A total of NZ$1.361 billion worth of residential mortgages were approved last week, according to Reserve Bank data, the highest weekly value for more than five years.
Meanwhile, the week ended June 29 was the 19th out of 20 where the value of approvals topped NZ$1 billion, the first time this has happened since 2007.
The volume of approvals last week was 7,911, the highest since 10,843 in the week ended April 3, 2009. Last week's volume was up 29.8%, year-on-year based on a comparison of the most recent 13 weeks of data to the same 13 weeks last year.
The NZ$1.361 billion value, up 46.1%, was the highest since NZ$1.427 billion worth of approvals in the week to March 30, 2007.
The Reserve Bank defines a mortgage approval as a firm commitment to provide credit for the purchase of housing, which has been accepted by the borrower. It says a commitment exists once the home loan application is approved, and a loan contract or letter of offer has been issued to the borrower. Seven banks respond to the Reserve Bank's survey, between them representing 99% of registered bank lending for housing, and about 94% of total housing lending.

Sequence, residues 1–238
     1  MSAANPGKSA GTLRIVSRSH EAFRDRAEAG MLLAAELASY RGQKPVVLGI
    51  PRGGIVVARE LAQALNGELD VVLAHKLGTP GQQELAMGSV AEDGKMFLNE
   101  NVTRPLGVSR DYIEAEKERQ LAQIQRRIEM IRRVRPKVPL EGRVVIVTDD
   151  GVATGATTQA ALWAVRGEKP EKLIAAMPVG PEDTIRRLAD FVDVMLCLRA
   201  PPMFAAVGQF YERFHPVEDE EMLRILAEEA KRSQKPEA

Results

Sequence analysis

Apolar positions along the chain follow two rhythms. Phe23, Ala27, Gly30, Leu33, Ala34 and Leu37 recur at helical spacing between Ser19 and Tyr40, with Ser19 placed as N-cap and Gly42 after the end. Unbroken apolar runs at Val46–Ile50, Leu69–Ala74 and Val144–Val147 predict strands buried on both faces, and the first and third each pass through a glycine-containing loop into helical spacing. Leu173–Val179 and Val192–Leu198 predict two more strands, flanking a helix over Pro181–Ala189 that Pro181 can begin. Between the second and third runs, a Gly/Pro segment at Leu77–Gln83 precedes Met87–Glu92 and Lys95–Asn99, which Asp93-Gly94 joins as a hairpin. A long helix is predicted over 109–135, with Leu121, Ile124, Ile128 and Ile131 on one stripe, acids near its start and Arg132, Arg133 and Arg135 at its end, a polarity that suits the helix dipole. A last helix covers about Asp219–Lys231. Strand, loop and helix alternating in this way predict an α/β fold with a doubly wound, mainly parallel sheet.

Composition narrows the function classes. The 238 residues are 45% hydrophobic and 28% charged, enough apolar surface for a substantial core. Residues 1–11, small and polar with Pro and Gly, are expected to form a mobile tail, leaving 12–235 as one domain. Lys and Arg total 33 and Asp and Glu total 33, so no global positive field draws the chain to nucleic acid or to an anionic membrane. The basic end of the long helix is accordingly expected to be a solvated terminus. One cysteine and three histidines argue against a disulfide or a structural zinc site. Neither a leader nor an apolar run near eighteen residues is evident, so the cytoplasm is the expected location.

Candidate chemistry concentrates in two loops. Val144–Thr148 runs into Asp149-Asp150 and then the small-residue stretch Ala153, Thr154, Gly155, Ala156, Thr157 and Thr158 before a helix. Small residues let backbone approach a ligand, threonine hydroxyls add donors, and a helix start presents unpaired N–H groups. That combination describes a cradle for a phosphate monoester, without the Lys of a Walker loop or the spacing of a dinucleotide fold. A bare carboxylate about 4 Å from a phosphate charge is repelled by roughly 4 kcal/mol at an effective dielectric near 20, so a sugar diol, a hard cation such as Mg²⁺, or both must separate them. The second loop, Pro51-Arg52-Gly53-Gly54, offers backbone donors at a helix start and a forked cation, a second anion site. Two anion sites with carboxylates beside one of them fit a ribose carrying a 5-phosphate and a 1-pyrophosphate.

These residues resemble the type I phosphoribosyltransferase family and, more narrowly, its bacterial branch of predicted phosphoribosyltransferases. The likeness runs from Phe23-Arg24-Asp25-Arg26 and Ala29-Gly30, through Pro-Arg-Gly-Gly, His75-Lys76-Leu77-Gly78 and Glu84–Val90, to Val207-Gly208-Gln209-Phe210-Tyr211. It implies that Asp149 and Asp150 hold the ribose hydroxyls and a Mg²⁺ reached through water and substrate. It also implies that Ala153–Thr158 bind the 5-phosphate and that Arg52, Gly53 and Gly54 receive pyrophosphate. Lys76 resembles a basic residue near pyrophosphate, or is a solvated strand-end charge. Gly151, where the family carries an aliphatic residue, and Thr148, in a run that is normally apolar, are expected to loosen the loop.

Included in the data is the refinancing of other banks customers, any loan where the security changes, and any loan where the liability holder changes. Excluded is own customer refinance, business borrowing where the security is the owner’s home, and when the underlying value of a loan is “topped up," with only the topped up portion included. See more detail in the Reserve Bank's description of the data series here.
The Reserve Bank has been tracking the data since October 2003.
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